Sarah Pollock

Police investigating campus sexual assault

Police are searching for a suspect who allegedly sexually assaulted a woman Sunday morning on campus.

A white male in his early 20s reportedly assaulted the victim near Butler Hall, according to a University News Service alert dispersed Wednesday around 9:30 a.m. The suspect is described as more than 6 feet tall with a medium build, short blonde hair and blue eyes.

Daniel Benitez, University Police Department captain, said police are pursuing leads about the suspect and are in the beginning stages of investigation.

The suspect was last seen wearing a gray, long sleeved V-neck shirt with the sleeves pulled up to his elbows and blue jeans tucked into brown boots, according to the alert. The suspect reportedly drives a white extended cab truck.

Inclement weather affects university productivity

The number of inclement weather campus closures and delays this semester has been higher than in previous years, which is beginning to take a toll on classroom productivity and the functions of some facilities, according to administrators.

The university does not see a direct financial loss from closing the campus during the week, but a loss of productivity on those days poses a negative effect, said Bill Nance, vice president for Finance and Support Services. According to a University Policy and Procedure Statement, faculty and staff who receive a salary are paid regularly during campus closures and delays, but hourly-paid employees such as custodians and student workers do not receive compensation.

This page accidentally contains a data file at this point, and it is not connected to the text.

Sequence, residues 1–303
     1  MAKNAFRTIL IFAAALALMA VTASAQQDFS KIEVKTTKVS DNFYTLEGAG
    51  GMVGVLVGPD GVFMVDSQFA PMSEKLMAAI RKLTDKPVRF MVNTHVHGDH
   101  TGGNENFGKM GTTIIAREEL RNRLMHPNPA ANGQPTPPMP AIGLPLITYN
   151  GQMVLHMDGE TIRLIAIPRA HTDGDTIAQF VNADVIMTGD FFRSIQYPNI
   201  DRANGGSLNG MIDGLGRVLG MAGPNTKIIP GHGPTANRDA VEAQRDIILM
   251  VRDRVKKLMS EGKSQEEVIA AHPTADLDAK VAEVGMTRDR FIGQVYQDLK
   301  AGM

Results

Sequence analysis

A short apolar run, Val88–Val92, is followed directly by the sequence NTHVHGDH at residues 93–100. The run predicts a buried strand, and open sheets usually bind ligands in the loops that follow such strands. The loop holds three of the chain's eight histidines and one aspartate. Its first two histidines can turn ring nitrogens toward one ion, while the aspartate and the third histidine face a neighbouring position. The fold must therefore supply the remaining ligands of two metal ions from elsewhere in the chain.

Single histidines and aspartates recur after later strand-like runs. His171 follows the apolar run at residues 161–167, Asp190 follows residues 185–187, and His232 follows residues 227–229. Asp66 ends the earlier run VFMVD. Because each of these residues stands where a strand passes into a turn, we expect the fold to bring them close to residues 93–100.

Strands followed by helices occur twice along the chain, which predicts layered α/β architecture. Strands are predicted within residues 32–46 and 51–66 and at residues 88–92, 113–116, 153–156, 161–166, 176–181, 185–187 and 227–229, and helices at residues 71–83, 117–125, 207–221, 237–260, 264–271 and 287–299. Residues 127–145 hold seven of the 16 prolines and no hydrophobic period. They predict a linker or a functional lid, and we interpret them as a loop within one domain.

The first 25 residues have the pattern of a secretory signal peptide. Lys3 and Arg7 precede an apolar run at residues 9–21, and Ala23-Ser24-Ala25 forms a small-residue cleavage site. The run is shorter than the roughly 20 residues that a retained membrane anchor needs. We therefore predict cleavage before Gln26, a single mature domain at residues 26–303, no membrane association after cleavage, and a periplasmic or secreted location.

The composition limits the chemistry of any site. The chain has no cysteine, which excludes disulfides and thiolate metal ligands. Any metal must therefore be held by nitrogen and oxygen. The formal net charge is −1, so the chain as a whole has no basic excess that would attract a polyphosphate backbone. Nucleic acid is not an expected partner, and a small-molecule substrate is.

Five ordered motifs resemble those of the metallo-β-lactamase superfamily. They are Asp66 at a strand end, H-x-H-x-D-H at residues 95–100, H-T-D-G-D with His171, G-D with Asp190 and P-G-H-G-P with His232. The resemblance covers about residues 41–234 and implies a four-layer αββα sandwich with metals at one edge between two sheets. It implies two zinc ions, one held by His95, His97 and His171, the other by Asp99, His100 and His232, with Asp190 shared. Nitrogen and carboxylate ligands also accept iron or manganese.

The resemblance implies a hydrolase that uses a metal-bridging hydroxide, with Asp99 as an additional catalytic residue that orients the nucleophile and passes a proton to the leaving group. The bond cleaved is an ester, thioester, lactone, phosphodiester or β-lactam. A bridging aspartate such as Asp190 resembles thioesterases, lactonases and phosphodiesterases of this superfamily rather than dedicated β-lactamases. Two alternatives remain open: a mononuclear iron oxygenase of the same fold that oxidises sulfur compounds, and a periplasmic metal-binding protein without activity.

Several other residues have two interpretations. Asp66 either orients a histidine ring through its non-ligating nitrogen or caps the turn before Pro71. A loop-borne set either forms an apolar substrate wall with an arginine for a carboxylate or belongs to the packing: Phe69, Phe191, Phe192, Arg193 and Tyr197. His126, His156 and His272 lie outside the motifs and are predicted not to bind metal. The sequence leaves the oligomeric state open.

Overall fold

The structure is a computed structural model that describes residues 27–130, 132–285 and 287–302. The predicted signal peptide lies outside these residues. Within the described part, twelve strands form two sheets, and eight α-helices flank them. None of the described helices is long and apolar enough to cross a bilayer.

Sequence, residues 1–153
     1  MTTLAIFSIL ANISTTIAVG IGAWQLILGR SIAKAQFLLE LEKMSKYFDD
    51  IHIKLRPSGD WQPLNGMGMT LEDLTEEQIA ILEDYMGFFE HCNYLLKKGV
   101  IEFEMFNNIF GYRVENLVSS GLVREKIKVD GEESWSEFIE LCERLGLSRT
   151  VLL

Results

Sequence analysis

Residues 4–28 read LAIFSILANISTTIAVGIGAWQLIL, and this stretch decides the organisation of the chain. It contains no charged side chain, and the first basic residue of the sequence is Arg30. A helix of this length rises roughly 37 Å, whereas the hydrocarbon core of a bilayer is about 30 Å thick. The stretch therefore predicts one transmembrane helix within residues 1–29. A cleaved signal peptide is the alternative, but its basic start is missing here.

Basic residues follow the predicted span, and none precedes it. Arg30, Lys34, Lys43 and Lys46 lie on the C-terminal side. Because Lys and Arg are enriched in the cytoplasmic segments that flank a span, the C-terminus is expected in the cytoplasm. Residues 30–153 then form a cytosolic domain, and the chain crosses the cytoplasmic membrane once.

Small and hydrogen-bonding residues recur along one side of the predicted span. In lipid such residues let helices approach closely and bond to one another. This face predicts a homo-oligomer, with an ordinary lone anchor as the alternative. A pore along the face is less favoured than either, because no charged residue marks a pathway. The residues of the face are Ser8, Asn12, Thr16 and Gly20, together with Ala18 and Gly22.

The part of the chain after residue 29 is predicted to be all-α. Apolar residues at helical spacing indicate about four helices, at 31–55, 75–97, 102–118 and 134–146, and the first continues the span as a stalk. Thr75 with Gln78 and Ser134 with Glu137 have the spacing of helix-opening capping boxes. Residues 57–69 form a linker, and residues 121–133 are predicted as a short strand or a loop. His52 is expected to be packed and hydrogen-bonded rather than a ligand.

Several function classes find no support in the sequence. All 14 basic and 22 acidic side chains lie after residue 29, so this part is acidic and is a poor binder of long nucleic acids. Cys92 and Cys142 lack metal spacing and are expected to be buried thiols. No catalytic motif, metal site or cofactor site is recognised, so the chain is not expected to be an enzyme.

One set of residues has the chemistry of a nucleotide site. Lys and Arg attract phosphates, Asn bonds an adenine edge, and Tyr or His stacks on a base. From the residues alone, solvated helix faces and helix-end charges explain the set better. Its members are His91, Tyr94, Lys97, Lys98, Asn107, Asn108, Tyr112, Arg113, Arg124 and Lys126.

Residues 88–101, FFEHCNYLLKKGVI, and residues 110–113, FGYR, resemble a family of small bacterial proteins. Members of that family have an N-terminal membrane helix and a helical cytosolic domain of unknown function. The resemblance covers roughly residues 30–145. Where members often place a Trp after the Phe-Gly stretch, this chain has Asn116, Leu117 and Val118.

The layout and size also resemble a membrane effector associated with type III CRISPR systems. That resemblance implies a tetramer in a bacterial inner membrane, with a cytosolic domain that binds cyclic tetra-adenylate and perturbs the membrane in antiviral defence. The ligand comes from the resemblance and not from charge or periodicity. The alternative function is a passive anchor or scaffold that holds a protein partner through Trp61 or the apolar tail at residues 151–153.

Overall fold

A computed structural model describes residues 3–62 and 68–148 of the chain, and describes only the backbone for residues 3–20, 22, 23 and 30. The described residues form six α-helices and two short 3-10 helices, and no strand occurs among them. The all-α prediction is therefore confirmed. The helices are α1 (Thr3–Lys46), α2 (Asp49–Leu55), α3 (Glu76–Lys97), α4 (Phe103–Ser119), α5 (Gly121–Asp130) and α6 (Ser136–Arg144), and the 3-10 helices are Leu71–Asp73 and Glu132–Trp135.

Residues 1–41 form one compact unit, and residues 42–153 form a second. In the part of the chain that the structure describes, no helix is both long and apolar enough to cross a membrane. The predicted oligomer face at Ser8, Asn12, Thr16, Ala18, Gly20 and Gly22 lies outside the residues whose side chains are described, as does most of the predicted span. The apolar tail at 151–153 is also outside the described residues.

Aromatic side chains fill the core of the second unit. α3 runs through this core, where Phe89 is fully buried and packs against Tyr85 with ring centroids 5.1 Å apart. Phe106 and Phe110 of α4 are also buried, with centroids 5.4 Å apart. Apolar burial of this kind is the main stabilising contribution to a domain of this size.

Alumni Association offices move, spurring further rearrangement

The decision to move the Student Retention offices to the former Alumni House has caused a “domino effect” of relocation offices on campus.

Alumni Relations and the Alumni Association recently moved from the Alumni House to a suite on the third floor of the J.C. Kellam building. Despite its name, “the house never belonged to the Alumni Association,” according to Angie Martinez, administrative assistant for the Alumni Association.

Engineering program expands with new graduate degree

With a new master’s degree in the process of approval, the Ingram School of Engineering is beginning to expand its program, forcing it to address some of the problems that have arisen as a result of increased enrollment.

The Master of Science in Engineering degree was approved by the Texas State University System Board of Regents in November. Students enrolling in the master’s degree program will add to the population of the School of Engineering, which saw limited space and a record enrollment of 731 students in fall 2013.

Anticipating a large population of engineering graduate students in addition to projected record enrollment, school officials face space constraints as they wait for funding for a new Engineering and Science Building.

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